just_another_bozo_on_this_bus 8 years, 3 months ago

I seriously doubt that she was proposing to make it a major thoroughfare to all the way to Johnson County, but N. 1000 Rd already has a significant amount of development, and using that route (or perhaps N. 1100 Rd.) as a connector from 59 to K-10 makes more sense than plowing up new ground in the wetlands for that purpose. It would appear that 31st is heading towards extension to the east, as well.

rhd99 8 years, 3 months ago

So, the solution to fixing potholes is ROUNDABOUTS. Yeah, more roundabouts (hehehe, sarcasm beyond recognition). Lawrence's chief ambulance chasers have done enough. Bye bye Roundabouts & get lost, Schauner & Dah Dah man.

Lifelong_Lawrencian 8 years, 3 months ago

Bozo,

I mentioned West 6th because it is a state hiway. I meant to draw a parallel between state hiways and city streets. It is somehow considered fair that people who live in Goodland, KS must help pay for the construction of a road within the city of Lawrence because it is a state hiway which benefits the whole state. How is that different from requiring someone in old west Lawrence to help pay for new main thoroughfares that enlarge the city Lawrence in the west? At what point do we say that the construction cost should be shared? Over the last 20 years the portion paid by new development has greatly increased.

just_another_bozo_on_this_bus 8 years, 3 months ago

"It is somehow considered fair that people who live in Goodland, KS must help pay for the construction of a road within the city of Lawrence because it is a state hiway which benefits the whole state. "

This ignores the fact that people in Lawrence are also paying for highways in Goodland and other parts of the state. You're trying to make a comparison that just isn't there.

The infrastructure in the older parts of town is already there and paid for, and taxes collected over the years have paid for any maintenance and improvements necessary.

For the most part, new infrastructure in new parts of town is strictly for the benefit of those who move there, but somehow, the residents of older, mostly paid-for parts of town are expected to help them pay for that infrastructure, while the new residents (or more correctly, the developers of those new areas) will in no way reciprocate.

Is growth so important to you that basic fairness is an irrelevant consideration?

Godot 8 years, 3 months ago

"For the most part, new infrastructure in new parts of town is strictly for the benefit of those who move there, but somehow, the residents of older, mostly paid-for parts of town are expected to help them pay for that infrastructure."

Let us hope no one in the city government thinks like that. If so, those of us west of Iowa should get busy with a plan to secede from the City.

altarego 8 years, 3 months ago

bozo is saying that no west of Iowa dollars went into that sewer work that was happening when I moved here.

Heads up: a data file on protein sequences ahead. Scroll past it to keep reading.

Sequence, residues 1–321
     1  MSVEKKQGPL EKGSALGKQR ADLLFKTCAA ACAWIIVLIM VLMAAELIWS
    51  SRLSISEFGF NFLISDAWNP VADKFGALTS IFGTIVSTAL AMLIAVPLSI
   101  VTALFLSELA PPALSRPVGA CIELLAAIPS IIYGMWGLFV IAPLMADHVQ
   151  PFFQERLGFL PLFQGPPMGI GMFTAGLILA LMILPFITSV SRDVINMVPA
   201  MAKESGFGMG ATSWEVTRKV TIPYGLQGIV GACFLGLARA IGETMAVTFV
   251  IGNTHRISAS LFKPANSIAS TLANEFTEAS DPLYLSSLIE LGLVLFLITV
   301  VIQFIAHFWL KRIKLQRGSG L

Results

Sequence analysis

Man, oh man! That is so like unfair!!!!

Lifelong_Lawrencian 8 years, 3 months ago

This ignores the fact that people in Lawrence are also paying for highways in Goodland and other parts of the state. You're trying to make a comparison that just isn't there.

But I think this is a good comparison. Your argument assumes that there is the same amount of growth in Goodland as there is in Lawrence. The people of Goodland may have no need to enlarge the hiway through their town now, or for a long time into the future, while all the time Lawrence continues to grow and need more hiways.

If this entire system of building cities is so unsustainable and so badly broken, why haven't most of the cities in the U.S. gone bankrupt? When does the "pyramid scheme" you are so fond of referring to come crashing down?

Lifelong_Lawrencian 8 years, 3 months ago

The infrastructure in the older parts of town is already there and paid for, and taxes collected over the years have paid for any maintenance and improvements necessary.

We are about to pay for this old infrastructure a second time. Granted, we have been collecting taxes for these properties for 100 years, but these taxes are for maintenance. How often do we completely replace a neighborhood's sewer and water system? You must agree that this will be far more expensive than new construction in an open field. So now you have infrastructure that is more expensive than new areas in town in an area that has 1/3 the tax base.

For the most part, new infrastructure in new parts of town is strictly for the benefit of those who move there, but somehow, the residents of older, mostly paid-for parts of town are expected to help them pay for that infrastructure, while the new residents (or more correctly, the developers of those new areas) will in no way reciprocate.

Tell you what, when those 100 year old sewers and water lines give out, you just fix em yourself!

monkeyhawk 8 years, 3 months ago